(Excerpt from original post on the Taneja Group News Blog)
As both a vendor product marketer and now an analyst, I’ve often been asked to help produce an “official” ROI (or the full TCO) calculator for some product. I used to love pulling out Excel and chaining together pages of cascading formulas. But I’m getting older and wiser. Now I see that ROI calculators are by and large just big rat holes. In fact I was asked again this week and, instead of quickly replying “yes, if you have enough money” and spinning out some rehashed spreadsheet (like some other IT analyst firms), I spent some time thinking about why the time and money spent producing detailed ROI calculators is usually a wasted investment, if not a wasted opportunity (to do better).
…(read the full post)
An IT industry analyst article published by SearchSolidStateStorage.
Sometimes comparing the costs of flash arrays is an apples-to-oranges affair — interesting, but not very helpful.
We’re often told by hybrid and all-flash array vendors that their particular total cost of ownership (TCO) is effectively lower than the other guy’s. We’ve even heard vendors claim that by taking certain particulars into account, the per-gigabyte price of their flash solution is lower than that of spinning disk. Individually, the arguments sound compelling; but stack them side by side and you quickly run into apples-and-oranges issues.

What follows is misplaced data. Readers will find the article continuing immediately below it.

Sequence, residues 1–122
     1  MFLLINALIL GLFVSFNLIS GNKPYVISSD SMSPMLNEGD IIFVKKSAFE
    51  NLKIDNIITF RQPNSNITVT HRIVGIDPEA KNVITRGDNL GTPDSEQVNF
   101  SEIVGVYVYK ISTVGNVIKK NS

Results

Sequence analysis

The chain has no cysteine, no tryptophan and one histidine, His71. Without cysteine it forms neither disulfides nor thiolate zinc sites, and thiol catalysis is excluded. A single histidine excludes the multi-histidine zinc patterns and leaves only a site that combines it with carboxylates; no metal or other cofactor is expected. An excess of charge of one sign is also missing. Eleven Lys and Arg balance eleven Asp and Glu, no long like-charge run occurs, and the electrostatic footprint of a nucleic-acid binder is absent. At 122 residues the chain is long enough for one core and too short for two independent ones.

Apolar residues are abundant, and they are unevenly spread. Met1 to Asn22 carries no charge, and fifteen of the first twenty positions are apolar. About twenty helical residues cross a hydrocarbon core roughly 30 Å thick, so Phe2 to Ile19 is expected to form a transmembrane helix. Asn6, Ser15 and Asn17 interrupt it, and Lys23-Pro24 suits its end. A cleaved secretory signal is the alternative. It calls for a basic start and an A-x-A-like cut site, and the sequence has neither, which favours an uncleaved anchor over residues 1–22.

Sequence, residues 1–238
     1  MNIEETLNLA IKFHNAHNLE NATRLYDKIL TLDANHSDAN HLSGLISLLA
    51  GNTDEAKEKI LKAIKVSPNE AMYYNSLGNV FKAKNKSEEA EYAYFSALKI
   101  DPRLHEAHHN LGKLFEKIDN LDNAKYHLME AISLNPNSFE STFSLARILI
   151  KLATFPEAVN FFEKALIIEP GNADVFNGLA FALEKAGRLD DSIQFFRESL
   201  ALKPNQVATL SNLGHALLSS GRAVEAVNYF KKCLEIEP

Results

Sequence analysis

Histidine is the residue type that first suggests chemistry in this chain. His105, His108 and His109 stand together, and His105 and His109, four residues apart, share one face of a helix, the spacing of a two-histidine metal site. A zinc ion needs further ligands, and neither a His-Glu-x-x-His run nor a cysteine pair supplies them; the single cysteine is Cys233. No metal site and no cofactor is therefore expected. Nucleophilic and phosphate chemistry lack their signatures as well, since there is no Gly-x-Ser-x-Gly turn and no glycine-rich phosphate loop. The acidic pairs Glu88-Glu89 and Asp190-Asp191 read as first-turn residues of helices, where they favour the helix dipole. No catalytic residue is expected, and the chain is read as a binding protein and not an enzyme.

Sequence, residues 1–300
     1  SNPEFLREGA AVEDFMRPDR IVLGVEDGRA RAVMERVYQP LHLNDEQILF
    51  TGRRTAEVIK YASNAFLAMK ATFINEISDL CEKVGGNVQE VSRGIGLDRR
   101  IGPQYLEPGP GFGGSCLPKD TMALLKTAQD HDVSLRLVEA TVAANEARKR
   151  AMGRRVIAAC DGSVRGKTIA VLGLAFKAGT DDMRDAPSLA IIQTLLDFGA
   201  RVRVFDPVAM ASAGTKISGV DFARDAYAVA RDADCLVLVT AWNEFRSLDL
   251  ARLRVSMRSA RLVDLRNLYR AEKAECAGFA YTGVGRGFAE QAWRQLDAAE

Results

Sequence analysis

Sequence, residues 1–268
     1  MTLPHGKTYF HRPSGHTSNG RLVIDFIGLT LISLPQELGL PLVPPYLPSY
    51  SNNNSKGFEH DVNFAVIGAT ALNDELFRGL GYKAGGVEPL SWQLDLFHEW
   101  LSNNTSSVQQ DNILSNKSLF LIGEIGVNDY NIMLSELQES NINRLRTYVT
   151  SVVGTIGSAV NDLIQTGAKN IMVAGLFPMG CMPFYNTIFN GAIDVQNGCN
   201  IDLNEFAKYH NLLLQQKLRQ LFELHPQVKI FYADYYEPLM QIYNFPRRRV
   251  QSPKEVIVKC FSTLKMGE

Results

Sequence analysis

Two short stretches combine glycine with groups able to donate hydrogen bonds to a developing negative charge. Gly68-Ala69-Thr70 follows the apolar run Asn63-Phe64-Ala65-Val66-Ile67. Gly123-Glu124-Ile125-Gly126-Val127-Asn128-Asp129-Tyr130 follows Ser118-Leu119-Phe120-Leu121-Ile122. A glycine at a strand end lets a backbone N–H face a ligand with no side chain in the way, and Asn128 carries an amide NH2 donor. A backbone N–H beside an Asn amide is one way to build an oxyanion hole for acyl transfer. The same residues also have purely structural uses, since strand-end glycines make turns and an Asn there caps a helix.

Storage has a lot of factors that should be profiled and evaluated such as IOPS, latency, bandwidth, protection, reliability, consistency and so on, and these must match up with client workloads with unique read/write mixes, burstiness, data sizes, metadata overhead and quality of service/service-level agreement requirements. Standard benchmarks may be interesting, but the best way to evaluate storage is to test it under your particular production workloads; a sophisticated load gen and modeling tool like that from Load DynamiX can help with that process.
But as analysts, when we try to make industry-level evaluations hoping to compare apples to apples, we run into a host of half-hidden factors we’d like to see made explicitly transparent if not standardized across the industry. Let’s take a closer look…
…(read the complete as-published article there)